August 2014
Volume 14, Issue 10
Free
Vision Sciences Society Annual Meeting Abstract  |   August 2014
Effect of attention on the initiation of binocular rivalry
Author Affiliations
  • Yaelan Jung
    Graduate Program in Cognitive Science, Yonsei University
  • Min-Suk Kang
    Department of Psychology, Sungkyunkwan University
  • Sang Chul Chong
    Graduate Program in Cognitive Science, Yonsei University
Journal of Vision August 2014, Vol.14, 1255. doi:10.1167/14.10.1255
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      Yaelan Jung, Min-Suk Kang, Sang Chul Chong; Effect of attention on the initiation of binocular rivalry. Journal of Vision 2014;14(10):1255. doi: 10.1167/14.10.1255.

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      © ARVO (1962-2015); The Authors (2016-present)

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Abstract

Recent studies indicate that attention influences or even enables the alterations in perception when two different images engaged in binocular rivalry (Brascamp & Blake, 2012; Zhang et al., 2011). If attention is necessary for two different items to undergo binocular rivalry, it is possible that attention facilitates one of the competing images to achieve dominance over the other. Here we tested this prediction by measuring proportion of mixed dominance in the initial phase of binocular rivalry. In Experiment 1, four, equally spaced concentric rings were rotated along an imagery circle for two seconds while the center of each ring was flickered with different colors. Participants' attention was manipulated by asking them to track two rings located in the opposite sides and to detect a cued color while ignoring the other two rings. Rival stimuli were then presented one of those four locations, resulting in that the rival stimuli occupied either one of the two attended locations (attended condition) or one of the two unattended locations (unattended condition). We compared the proportion of mixed dominance between the attended and unattended conditions while varying the duration of rival stimuli from 50 ms to 1050 ms. As a result, the proportion of mixed dominance was significantly smaller in the attended condition than in the unattended condition when the rival stimuli lasted for 300 ms. In Experiment 2, we replicated Experiment 1 with finer stimulus durations from 50 ms to 350 ms (the interaction between the stimulus duration and attention was statistically significant). These results suggest that attention facilitates the initiation of binocular rivalry, providing converging evidence that attention is necessary for binocular rivalry.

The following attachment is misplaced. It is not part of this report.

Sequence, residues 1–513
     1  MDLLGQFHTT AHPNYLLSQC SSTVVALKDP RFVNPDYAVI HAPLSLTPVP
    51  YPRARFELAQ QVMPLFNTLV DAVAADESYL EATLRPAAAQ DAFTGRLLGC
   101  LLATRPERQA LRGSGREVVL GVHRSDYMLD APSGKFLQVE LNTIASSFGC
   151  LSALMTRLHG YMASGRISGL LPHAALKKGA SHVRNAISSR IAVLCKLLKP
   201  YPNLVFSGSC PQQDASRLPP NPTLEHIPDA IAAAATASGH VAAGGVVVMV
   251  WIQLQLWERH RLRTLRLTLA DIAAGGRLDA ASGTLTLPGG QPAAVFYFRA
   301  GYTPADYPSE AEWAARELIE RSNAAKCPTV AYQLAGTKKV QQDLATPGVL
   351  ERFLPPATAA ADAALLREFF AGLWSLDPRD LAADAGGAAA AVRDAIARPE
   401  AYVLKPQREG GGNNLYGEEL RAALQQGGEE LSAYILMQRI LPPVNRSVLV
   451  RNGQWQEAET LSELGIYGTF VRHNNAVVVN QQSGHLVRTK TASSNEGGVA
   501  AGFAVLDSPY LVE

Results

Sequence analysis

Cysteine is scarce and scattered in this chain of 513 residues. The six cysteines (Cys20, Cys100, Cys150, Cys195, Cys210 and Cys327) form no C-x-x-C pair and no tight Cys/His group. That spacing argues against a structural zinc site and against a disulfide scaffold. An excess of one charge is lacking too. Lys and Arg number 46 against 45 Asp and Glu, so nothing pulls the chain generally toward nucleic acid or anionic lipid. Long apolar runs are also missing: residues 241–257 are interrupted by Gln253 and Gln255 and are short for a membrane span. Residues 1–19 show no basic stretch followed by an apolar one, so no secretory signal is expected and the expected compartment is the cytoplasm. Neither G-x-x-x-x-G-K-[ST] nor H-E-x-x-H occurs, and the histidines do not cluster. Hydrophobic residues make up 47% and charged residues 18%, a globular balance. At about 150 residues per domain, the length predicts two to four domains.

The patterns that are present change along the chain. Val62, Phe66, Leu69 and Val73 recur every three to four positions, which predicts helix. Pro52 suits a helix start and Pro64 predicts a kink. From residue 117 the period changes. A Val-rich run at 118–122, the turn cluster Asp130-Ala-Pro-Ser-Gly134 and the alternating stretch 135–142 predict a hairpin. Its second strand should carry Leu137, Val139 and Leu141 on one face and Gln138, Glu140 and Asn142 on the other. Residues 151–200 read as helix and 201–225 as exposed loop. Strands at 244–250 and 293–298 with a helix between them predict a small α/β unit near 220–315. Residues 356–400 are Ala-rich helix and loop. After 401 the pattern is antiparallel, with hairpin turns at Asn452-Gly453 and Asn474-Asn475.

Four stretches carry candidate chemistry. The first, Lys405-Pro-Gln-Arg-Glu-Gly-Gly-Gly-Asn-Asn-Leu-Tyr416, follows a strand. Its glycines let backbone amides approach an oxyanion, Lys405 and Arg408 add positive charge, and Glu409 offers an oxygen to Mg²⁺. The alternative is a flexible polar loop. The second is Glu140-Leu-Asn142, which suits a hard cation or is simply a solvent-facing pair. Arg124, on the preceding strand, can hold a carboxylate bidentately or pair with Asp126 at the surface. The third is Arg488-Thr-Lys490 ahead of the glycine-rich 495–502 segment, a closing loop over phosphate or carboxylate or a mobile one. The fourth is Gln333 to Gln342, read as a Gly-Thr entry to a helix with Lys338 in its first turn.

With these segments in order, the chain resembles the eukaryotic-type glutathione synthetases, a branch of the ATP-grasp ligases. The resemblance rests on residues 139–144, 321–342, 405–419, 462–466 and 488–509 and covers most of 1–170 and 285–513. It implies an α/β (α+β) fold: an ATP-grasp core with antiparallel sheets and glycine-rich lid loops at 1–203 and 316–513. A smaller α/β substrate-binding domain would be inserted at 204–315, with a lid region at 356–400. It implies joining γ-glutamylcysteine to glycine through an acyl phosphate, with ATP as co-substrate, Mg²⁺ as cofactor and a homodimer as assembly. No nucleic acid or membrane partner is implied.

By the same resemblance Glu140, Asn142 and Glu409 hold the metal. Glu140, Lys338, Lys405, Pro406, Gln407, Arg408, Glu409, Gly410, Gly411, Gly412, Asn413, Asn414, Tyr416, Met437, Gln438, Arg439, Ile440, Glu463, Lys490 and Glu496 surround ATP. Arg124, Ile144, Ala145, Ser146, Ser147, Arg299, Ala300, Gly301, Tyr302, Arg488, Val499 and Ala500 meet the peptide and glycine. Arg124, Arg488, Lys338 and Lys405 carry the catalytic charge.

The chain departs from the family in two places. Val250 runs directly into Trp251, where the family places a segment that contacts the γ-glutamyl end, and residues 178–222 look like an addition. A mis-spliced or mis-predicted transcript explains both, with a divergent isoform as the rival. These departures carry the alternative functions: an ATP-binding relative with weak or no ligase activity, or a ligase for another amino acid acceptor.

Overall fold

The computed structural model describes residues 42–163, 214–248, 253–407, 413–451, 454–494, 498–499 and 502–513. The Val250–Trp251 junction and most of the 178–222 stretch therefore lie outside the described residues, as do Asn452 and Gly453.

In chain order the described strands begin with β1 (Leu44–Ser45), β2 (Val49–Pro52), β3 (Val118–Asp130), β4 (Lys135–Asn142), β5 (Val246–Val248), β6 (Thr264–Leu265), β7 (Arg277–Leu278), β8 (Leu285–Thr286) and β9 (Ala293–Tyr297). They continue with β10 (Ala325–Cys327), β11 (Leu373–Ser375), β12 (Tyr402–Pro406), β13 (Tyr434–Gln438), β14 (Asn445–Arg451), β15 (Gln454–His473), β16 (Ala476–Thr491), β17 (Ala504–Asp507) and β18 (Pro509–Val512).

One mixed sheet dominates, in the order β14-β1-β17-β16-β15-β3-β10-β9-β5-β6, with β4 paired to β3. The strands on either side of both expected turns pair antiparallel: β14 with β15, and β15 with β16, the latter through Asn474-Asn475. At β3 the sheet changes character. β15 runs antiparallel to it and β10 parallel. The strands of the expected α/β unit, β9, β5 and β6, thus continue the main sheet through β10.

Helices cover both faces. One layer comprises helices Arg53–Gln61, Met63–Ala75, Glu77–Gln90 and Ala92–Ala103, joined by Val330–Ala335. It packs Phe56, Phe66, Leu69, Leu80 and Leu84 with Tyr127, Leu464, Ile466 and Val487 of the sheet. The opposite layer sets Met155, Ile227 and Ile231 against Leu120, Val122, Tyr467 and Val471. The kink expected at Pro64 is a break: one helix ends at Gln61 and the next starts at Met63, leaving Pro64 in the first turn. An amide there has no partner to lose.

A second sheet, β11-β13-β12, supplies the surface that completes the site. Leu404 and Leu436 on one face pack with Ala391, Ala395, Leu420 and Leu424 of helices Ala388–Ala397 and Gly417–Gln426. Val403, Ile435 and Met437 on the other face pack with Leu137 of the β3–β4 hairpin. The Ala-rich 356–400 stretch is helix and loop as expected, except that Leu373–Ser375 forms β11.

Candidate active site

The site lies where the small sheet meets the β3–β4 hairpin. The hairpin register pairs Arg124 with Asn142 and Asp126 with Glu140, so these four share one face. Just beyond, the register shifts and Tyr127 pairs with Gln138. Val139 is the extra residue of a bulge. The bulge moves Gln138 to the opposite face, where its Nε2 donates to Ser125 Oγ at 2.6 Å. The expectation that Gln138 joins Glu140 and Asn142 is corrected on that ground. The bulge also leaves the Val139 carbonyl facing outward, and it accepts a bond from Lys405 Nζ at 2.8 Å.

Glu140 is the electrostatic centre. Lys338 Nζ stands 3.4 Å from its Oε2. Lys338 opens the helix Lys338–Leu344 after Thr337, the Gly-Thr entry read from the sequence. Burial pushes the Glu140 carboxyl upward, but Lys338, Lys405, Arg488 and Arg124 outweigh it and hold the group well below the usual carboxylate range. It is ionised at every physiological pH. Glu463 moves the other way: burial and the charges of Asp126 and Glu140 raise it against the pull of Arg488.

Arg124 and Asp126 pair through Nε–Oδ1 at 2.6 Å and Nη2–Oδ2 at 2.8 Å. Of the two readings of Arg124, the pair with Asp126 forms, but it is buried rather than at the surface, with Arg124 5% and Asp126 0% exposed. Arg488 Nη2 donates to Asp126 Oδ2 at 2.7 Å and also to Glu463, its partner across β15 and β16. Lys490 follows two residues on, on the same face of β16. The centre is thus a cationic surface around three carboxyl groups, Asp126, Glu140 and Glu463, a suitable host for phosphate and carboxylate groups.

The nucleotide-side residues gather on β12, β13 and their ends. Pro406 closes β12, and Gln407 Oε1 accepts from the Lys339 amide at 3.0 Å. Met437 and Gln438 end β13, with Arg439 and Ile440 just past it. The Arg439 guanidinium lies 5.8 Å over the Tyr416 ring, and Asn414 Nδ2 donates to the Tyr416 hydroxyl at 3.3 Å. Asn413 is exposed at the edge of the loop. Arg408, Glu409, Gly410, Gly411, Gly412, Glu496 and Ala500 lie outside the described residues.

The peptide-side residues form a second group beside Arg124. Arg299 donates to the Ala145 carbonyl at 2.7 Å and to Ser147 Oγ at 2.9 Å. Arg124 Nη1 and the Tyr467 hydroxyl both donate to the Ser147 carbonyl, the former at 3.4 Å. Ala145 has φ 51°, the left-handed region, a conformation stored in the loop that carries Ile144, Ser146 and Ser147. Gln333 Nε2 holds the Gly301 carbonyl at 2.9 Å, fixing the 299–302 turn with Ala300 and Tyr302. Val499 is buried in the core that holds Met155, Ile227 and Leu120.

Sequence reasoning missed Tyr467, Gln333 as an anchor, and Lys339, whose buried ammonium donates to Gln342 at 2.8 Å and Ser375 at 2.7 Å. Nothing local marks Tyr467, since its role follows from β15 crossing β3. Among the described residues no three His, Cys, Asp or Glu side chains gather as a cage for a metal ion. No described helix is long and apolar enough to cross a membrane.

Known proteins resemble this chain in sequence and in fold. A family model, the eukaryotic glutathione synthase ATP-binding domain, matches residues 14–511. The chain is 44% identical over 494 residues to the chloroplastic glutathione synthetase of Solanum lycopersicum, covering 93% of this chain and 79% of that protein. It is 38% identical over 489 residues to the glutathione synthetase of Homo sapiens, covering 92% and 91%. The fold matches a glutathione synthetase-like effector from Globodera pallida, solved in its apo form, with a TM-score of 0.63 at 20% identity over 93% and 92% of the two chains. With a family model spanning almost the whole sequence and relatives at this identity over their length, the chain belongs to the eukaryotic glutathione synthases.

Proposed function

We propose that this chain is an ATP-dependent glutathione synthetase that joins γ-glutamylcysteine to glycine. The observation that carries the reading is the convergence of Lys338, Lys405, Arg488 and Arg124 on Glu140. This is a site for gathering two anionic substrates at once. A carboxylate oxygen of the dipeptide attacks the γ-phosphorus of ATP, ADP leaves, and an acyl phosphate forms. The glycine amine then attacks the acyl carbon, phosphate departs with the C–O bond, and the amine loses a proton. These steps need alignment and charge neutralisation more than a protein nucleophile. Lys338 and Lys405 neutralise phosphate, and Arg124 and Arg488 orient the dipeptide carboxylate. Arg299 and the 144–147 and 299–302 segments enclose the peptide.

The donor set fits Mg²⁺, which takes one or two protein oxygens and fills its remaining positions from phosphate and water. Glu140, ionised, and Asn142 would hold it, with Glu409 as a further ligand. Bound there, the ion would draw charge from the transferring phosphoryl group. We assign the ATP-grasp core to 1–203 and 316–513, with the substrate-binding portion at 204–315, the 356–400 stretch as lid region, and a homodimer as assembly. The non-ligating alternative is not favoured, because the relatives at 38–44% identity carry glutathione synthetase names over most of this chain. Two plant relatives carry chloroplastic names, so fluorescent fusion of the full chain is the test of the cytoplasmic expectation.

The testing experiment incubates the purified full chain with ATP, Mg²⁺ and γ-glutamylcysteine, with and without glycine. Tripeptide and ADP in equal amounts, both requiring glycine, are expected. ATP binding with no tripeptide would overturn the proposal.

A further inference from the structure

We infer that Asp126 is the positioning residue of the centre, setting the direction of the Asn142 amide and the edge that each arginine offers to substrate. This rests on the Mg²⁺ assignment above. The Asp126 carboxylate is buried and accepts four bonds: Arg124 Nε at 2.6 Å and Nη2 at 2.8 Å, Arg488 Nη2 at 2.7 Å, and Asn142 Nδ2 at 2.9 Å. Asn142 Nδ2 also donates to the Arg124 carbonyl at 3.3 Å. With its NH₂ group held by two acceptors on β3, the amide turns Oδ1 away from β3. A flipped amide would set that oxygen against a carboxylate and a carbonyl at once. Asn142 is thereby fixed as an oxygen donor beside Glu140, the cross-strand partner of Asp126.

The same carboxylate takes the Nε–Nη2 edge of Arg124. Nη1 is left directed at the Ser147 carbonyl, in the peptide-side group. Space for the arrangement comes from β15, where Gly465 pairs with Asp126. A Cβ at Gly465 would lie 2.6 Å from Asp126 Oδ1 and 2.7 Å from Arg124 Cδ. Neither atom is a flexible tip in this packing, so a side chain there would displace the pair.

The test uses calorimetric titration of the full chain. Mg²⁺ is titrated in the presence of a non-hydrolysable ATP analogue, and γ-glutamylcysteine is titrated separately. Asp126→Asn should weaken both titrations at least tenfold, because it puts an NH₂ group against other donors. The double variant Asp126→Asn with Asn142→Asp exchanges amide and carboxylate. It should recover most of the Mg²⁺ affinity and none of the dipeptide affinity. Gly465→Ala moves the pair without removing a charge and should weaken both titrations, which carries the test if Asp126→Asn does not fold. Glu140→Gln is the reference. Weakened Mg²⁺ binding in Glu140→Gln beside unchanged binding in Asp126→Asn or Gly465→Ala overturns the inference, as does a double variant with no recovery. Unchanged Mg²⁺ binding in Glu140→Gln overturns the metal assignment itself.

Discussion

Meeting abstract presented at VSS 2014

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